Council approves amendment intended to mitigate disturbances from lake
On June 5, 2012, the Kirkland City Council extended the City’s existing noise ordinance to watercrafts. Under the amendment, the City will now regulate noise from public waterways in the same way it currently regulates noise from automobiles—with one primary difference: For watercraft, the amendment allows noise that is audible up to 300 feet from the watercraft. For automobiles, the existing regulation allows noise that is audible up to 50 feet from the automobile.
“Noise tends to travel more easily over water,” said Kirkland Police Captain Bill Hamilton. “That’s why there’s a difference in the lengths.”
Most local governments throughout Puget Sound protect their residents from excessive noise using a variety of tools. Bonney Lake, for example, uses a noise ordinance, similar to Kirkland’s new ordinance. Through city ordinances, Seattle regulates watercraft noise as well as anchoring. And Pierce County uses a noise, anchoring, rafting, and speed ordinance. Until Kirkland’s new regulations take effect, the only method through which Kirkland could regulate watercraft noise was a speed regulation.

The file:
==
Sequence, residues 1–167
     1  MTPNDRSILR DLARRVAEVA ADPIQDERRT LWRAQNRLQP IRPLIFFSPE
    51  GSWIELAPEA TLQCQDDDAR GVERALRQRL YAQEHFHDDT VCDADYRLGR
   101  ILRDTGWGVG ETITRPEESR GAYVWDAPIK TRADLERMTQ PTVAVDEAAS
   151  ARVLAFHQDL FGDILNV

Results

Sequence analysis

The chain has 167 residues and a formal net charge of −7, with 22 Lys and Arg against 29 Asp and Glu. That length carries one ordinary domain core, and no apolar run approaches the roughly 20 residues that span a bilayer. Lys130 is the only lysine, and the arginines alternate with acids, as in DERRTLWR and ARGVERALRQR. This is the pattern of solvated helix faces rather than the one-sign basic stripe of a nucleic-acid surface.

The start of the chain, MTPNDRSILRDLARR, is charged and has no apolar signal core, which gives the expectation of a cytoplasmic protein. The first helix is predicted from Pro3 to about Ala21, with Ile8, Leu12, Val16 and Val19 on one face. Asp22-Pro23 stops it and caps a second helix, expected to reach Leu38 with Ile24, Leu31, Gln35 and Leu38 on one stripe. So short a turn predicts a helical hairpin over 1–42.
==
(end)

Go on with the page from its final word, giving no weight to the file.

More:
“The amendment’s intent is to provide law enforcement officers with a tool that will allow them to respond to community noise concerns—be it on water or land,” Hamilton said. King County Marine Patrol will be the primary agency enforcing the ordinance on Kirkland’s behalf in Lake Washington.
The watercraft amendment resulted from the City’s comprehensive outreach effort aimed at addressing concerns from lakefront and surrounding neighborhoods about boat noise while continuing to encourage water-based recreation. The new regulations were drafted based upon public feedback, primarily received at a community meeting in early May. The City Council directed Kirkland’s police department to monitor the amendment’s affects throughout the summer and report back in the fall.
The amendment will become effective by June 16, 2012. City staff will post the new regulations at Kirkland’s boat launches, including Marina Park, Juanita Beach and Juanita Bay. The regulations will also be the subject of neighborhood meetings, and various City of Kirkland media.
The City will continue its outreach efforts with stakeholders to take a further look at its current watercraft regulations to best address other concerns such as safety, speed, and rafting. For background information, please visit www.kirklandwa.gov/watercraftsafety.